• “Having said that, I will also say there are some very good units in the ARNG. ”

      Yes… yes and why is that?

      Partly due to some very professional citizen-soldiers. Partly due to a cadre of ex-active duty personnel who decided to go part time. And partly because of training concurrent with AD units, evaluated by AD personnel. That is before the latest unpleasantness (do we still call it GWOT?) changed the training cycles.

      Regardless, history has shown America cannot sustain a capable militia, NG, or Army Reserves without a strong, professional active duty army as a central foundation. One word for you – Bladensburg.

  6. It’s a common foggy bottom fantasy that large armies will “go away”. First is was nukes, then helicopters, then air power. And now most assume that all wars will be OIF/OEF.

    I have some thoughts on the subject and will write them down soon.
    But remember Mr. Secdef: Army’s never go out of style.

    Just ask Task Force Smith or the PLA soldiers who marched across the Yalu river. Or the NVA (yes the A stood for Army, as in a regular one).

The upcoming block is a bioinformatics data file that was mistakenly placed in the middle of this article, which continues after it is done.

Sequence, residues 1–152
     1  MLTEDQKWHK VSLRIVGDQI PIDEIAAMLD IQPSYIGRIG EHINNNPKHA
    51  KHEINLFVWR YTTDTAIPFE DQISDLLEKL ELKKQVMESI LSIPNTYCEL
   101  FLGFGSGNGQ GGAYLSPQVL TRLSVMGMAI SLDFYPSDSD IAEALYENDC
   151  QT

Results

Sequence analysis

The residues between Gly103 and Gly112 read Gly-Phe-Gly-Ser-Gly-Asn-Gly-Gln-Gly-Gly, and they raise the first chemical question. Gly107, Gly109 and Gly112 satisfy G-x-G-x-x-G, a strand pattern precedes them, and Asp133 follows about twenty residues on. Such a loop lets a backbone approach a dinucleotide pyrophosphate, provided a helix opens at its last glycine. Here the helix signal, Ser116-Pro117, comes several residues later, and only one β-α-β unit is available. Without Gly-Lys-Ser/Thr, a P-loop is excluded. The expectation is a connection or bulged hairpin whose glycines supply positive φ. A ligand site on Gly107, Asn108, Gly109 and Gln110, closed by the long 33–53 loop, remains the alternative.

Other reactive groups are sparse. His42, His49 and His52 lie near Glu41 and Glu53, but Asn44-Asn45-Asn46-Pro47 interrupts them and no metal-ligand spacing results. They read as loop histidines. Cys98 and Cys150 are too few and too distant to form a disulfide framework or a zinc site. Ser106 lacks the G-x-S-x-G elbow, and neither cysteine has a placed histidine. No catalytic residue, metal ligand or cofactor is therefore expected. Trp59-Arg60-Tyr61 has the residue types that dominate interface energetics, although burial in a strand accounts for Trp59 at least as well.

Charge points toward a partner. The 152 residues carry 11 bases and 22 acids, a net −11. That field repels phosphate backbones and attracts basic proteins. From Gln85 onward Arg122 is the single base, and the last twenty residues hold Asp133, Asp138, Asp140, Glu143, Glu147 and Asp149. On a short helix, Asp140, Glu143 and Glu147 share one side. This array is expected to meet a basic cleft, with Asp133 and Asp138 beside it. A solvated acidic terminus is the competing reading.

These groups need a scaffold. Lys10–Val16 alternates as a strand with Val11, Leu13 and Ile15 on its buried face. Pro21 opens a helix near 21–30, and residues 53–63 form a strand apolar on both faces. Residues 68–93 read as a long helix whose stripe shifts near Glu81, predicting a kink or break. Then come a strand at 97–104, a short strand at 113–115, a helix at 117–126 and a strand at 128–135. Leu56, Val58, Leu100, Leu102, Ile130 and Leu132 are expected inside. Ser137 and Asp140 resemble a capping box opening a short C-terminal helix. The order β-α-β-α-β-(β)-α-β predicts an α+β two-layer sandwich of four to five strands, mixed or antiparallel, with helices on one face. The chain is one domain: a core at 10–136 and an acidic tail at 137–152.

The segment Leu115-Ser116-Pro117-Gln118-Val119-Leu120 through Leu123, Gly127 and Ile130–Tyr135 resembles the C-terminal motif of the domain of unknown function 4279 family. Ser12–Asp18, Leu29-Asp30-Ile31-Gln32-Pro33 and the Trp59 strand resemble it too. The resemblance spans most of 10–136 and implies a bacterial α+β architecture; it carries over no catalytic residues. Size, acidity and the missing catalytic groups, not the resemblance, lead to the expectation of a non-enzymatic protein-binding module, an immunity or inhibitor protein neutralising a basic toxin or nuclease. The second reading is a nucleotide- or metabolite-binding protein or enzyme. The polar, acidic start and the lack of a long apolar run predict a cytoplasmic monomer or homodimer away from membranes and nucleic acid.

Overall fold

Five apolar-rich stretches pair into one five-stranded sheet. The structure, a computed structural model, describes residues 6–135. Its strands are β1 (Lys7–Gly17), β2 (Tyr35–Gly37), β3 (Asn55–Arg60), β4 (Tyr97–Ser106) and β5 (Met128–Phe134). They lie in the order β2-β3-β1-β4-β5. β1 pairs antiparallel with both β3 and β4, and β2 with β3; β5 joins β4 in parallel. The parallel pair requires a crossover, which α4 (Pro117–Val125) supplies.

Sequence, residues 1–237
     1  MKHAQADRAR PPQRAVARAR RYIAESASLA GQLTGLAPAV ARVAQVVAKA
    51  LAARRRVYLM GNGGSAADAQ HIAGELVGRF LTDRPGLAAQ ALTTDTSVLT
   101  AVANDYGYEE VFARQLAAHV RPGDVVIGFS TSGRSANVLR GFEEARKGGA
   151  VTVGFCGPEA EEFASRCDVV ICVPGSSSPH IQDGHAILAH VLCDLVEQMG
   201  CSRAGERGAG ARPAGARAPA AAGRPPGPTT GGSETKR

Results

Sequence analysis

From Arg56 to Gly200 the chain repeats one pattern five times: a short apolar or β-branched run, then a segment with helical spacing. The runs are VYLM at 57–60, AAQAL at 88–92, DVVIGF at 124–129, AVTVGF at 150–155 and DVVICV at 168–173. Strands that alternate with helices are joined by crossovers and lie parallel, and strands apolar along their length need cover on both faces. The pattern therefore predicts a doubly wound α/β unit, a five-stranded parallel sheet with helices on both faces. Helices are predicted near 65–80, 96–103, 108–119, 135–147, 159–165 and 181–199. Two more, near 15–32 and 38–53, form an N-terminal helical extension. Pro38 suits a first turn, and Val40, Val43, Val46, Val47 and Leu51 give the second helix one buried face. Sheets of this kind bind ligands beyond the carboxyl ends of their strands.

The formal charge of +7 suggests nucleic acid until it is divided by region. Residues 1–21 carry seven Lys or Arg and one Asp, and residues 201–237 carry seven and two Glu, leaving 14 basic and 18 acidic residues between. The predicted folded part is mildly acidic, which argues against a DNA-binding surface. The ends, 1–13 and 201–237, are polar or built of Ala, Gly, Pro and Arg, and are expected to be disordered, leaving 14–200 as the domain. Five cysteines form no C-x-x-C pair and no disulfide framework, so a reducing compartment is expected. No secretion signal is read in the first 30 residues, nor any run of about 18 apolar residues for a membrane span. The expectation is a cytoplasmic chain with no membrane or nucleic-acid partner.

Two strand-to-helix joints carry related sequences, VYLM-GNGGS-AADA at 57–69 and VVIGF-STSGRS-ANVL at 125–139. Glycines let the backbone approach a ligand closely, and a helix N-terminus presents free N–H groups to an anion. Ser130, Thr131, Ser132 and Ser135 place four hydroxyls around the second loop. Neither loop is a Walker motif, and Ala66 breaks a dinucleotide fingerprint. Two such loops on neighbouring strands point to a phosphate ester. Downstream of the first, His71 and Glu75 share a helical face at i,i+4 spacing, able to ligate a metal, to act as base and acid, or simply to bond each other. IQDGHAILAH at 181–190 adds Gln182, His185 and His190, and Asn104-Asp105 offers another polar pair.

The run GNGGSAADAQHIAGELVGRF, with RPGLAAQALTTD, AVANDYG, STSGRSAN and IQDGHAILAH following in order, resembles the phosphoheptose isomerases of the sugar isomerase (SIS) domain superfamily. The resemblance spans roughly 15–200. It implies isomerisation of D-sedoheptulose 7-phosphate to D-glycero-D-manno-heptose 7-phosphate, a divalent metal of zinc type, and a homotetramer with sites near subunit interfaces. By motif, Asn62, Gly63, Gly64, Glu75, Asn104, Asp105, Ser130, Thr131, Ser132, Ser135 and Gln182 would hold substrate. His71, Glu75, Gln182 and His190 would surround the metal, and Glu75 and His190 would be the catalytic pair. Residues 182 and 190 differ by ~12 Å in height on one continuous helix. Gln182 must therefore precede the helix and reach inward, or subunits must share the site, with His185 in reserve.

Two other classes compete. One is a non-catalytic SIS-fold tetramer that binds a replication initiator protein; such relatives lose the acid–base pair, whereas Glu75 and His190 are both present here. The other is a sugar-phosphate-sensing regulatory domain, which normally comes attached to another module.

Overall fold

The Foggy Bottom dreamers will dream. Reality will ensue and those of us in uniform will pick up the pieces.

  7. Pingback: Military And Intelligence News Briefs — March 15, 2011 | Read NEWS

  8. Pingback: Remember the Yalu River « Chockblock’s blog

  9. Bill Snyder

    CDR,
    I do love your blog and I appreciate you raising issues that our Navy would all-too-often ignore.
    One thing I had to disagree with you was your take on RADM Nora Tyson’s selection as CSG-2.
    I started to do a reply back then, but didn’t finish. The other day I got an e-mail from an old retired friend to all his buddies in and out of the Service that recycled your argument.
    Your discussion may be over, but I wanted to send my reply to my buddy and his buddies, in case you’re interested in another perspective.
    If I didn’t know Nora Tyson personally, I might jump on this band-wagon.
    I do know the Admiral, though, and I consider her one of the best Naval Officers I have ever worked with.
    For those of you who might not know me, I’m an arrogant Naval Aviator (feel bad for Mal, who had to be my simulator instructor on several occasions) who can find plenty of substantive complaints about plenty of senior folks. As a matter of fact, my wife is surprised that I didn’t get fired long ago, ‘cause I can’t keep my big mouth shut.